Five candidates standing for Lincolnshire Police and Crime Commissioner’s role

There will be five candidates standing for this year’s Police and Crime Commissioner elections in May.

Police news

The election, which was postponed from last year due to the coronavirus pandemic, will see a commissioner selected for the next four years after Local Elections take place on Thursday May 6.

Nominations have been processed by the City of Lincoln Council and have now been published on their website after the deadline for applications closed yessterday.

The five named candidates are:

o Escreet, Peter Anthony - Reform UK

o Jones, Marc Stuart - Conservative Candidate - More Police, Safer Streets

o Kirk, Rosanne Christina - Labour and Cooperative Party

o Pepper, Ross David - Liberal Democrat

o Williams, David Vaughan - Lincolnshire Independents

The Police and Crime Commissioner’s role is to represent the people of Lincolnshire on policing matters and hold the police to account. PCCs aim to cut crime and deliver an effective and efficient police service within their force area. The PCC is unique in that it is a role elected by the public which makes it unlike any other role in the policing environment.

Poll cards have already been issued to registered voters advising of polling arrangements, and locations. If you have not yet received a poll card it is probable that you are not registered to vote at your current address.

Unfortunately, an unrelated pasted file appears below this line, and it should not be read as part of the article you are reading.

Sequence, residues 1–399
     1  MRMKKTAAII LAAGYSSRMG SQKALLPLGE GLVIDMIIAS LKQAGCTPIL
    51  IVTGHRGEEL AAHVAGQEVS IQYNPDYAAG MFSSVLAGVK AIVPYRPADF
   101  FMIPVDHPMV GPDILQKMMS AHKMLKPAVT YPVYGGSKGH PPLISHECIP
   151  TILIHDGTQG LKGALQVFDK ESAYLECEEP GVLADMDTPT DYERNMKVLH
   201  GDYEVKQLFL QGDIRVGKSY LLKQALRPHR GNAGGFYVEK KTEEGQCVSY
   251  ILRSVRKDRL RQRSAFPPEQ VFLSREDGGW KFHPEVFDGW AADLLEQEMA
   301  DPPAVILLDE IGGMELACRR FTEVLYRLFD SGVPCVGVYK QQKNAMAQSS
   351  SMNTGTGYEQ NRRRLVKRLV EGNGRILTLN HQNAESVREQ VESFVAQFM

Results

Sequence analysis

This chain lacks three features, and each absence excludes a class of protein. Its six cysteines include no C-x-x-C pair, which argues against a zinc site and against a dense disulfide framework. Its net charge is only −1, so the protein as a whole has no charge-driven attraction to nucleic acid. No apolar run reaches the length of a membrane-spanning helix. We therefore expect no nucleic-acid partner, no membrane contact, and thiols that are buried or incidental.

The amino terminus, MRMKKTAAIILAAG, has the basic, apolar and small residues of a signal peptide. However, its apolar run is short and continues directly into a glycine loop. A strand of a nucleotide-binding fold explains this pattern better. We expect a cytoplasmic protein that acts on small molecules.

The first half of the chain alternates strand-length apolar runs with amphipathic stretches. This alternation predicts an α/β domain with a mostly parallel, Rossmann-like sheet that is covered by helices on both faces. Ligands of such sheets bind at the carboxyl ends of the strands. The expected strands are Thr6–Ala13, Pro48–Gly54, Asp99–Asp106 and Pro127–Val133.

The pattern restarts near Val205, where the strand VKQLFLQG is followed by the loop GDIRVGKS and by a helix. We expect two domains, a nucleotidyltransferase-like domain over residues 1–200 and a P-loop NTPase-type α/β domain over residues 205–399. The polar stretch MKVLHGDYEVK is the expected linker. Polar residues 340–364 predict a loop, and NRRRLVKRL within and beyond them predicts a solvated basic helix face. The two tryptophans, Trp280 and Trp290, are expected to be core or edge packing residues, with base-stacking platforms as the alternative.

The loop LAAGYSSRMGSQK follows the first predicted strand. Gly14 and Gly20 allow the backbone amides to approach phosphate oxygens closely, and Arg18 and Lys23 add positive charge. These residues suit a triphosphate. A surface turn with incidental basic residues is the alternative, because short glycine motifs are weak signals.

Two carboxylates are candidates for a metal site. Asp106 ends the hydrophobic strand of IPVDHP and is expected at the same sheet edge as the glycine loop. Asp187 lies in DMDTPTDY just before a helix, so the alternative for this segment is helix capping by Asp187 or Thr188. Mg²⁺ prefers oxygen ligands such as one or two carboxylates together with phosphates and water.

In order to vote you have to be registered to do so at your current address. If you have moved house or become eligible to vote since the last election in December 2019, it is especially important to ensure you are registered.

This can be done at www.gov.uk/registertovote before 11.59pm on Monday April 19.

Once registered you can then choose to apply for a postal vote, by 5pm on Tuesday April 20; or a proxy vote, where you authorise someone to vote on your behalf, by 5pm on Tuesday, April 27.

If you want to choose either of these options, you can download and print forms at www.electoralcommision.org.uk . You are asked to do so as early as possible to assist with the processing and ensure you get your ballot papers promptly. You can even submit the forms electronically to your local district council elections email address which can be found on their websites, with a clear photo or scan showing your signature.

The councils are doing everything it can to make voting at a polling station as safe as possible, putting in place requirements similar to those you experience when you go shopping, such as face coverings, hand sanitiser and safe distancing. Voters should anticipate the need to queue as these measures will slow the process.

You are asked to go alone and to take your own pen or pencil to the polling station for extra Covid-safe certainty.

The postal and proxy voting options may be especially appealing to people who are shielding or cautious about going out, or whose work might make it difficult to vote on the day between 7am and 10pm.

As well as new applications, changes to existing postal voting arrangements must be made by 5pm on April 20.

To cancel or change a proxy vote arrangement, this needs to be done by 5pm on April 20, but applications for new proxies is 5pm on April 27. There is provision for emergency proxies to vote at a polling station. Deadline 5pm on May 6.

There is an option to request a postal vote by default for all subsequent elections. Anyone who did not select this option previously, will need to re-apply on this occasion.